Accused con man Jan Robert Gustafsson has fled the Philippines after reportedly being fired from his position with online payment processor Transact24 Philippines aka T24PH. (For the record, this firm has no official connection to the Hong Kong-based Transact24 firm, on whose good name the Philippines-based company is attempting to piggyback.)
On Wednesday afternoon, Gustafsson (pictured, in blue) was spotted boarding Air Philippines flight 306 from Manila to Hong Kong, although his followup destination couldn’t be immediately confirmed. Days earlier, Gustafsson had been advertising the fire sale of one of his luxury cars via social media, apparently in a bid to raise some quick cash to help fund his flight from justice.
For those in the dark, Gustafsson was the former head of Bodog Asia who attempted to embezzle millions of dollars from his former employer after being unceremoniously fired for gross incompetence. Gustafsson and a small army of turncoat lieutenants reportedly bribed a local judge into signing a warrant authorizing a raid on Bodog Asia’s offices last November that failed to turn up any evidence to support Gustafsson’s allegations. Gustafsson was subsequently indicted for fraud and the gang that couldn’t shoot straight has been unsuccessfully attempting to cover their tracks ever since.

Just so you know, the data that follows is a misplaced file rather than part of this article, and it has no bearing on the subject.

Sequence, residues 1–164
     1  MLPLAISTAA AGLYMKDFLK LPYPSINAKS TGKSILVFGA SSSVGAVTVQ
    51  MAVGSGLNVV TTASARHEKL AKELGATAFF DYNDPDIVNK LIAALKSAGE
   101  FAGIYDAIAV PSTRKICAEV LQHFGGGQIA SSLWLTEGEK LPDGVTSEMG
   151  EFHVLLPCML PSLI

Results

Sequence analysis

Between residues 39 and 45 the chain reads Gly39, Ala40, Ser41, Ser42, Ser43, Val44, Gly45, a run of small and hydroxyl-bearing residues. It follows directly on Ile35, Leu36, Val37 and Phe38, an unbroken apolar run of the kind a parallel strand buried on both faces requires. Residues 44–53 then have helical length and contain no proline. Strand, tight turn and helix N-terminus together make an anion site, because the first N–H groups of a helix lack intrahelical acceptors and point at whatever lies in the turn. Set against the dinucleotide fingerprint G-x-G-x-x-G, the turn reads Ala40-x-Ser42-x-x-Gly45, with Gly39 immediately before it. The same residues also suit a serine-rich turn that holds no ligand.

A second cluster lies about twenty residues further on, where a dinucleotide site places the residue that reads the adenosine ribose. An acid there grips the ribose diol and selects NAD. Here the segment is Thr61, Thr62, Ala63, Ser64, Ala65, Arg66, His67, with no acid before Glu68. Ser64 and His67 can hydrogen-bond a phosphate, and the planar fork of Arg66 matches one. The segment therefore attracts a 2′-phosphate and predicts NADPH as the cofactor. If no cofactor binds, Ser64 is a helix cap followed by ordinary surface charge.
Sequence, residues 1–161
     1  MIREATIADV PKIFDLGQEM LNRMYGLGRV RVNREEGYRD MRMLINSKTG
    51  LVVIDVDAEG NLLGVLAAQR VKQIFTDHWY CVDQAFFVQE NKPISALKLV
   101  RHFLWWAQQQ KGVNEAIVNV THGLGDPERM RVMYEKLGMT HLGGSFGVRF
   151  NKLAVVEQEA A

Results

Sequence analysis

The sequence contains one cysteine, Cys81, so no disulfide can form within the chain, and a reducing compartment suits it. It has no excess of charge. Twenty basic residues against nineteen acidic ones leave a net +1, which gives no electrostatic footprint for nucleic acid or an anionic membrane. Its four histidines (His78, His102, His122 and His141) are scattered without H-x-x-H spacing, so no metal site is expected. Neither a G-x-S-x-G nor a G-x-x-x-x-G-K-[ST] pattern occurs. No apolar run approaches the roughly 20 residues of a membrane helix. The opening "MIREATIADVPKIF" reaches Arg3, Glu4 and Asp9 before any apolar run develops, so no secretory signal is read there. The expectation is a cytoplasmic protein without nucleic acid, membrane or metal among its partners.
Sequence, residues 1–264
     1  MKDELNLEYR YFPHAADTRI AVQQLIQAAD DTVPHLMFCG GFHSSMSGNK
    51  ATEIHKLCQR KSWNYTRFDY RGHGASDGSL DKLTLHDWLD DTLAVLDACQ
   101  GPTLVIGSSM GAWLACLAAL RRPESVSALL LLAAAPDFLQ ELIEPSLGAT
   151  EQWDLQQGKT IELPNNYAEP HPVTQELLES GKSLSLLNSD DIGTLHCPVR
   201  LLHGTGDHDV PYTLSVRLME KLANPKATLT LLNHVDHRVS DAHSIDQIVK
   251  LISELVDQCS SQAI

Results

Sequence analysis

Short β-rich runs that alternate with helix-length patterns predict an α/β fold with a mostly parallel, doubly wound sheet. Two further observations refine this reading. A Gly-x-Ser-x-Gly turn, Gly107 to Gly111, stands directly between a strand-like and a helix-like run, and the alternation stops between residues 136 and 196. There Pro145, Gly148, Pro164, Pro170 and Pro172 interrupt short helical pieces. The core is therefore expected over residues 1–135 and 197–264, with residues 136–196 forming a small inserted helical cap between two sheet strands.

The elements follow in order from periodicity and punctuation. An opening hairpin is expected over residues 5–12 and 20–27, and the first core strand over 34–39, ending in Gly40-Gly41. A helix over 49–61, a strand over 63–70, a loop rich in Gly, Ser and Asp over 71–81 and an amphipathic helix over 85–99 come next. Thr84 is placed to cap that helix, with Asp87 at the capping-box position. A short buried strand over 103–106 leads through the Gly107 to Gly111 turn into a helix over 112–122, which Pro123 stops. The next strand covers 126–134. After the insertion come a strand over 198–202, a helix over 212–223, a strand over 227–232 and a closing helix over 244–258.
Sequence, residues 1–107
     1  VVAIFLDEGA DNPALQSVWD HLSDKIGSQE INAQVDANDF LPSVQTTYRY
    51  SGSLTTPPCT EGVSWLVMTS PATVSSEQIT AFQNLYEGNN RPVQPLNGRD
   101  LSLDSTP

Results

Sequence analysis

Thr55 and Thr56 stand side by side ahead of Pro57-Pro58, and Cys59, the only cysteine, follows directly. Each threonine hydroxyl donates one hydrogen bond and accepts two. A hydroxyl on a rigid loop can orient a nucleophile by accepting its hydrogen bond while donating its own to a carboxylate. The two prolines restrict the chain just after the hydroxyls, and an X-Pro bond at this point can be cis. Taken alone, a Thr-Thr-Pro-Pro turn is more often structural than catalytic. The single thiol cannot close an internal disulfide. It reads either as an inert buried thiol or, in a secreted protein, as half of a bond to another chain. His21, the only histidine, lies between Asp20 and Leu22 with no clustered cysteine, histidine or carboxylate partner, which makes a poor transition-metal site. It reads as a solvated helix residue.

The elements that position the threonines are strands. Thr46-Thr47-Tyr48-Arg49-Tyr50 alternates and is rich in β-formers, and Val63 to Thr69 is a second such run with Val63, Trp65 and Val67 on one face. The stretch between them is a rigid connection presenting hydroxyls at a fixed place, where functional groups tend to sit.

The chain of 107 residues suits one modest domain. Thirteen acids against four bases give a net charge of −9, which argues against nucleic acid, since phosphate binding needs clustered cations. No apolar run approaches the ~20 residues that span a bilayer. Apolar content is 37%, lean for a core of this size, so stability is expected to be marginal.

Until recently, Gustafsson had been helping to try and get T24PH off the ground with Karl Rosengren, who co-founded the original Transact24 but was forced out by co-founder Philip Meyer. T24PH had been enjoying the generous financial support of a local political heavyweight and a man with a reputation for not taking kindly to scammers. The ex-politician had his daughter monitoring the day-to-day activities of T24PH and apparently, at least as it relates to Gustafsson, daddy’s girl didn’t like what she saw. CalvinAyre.com will have more details on this development in coming days.
Gustafsson’s skedaddle will put further pressure on his partners in crime – Rosengren, Patrik Selin, Sylvia ‘Scissorhands’ de Guzman and others – to make their own dash for safety, likely to countries with which they already hold valid passports. But escaping the Philippines doesn’t mean escaping their legal liabilities. The raids on Bodog Asia’s offices were only possible because the gang members reportedly bribed a local judge and police, and most countries have strict laws on their books against bribery of foreign officials. Watch this space…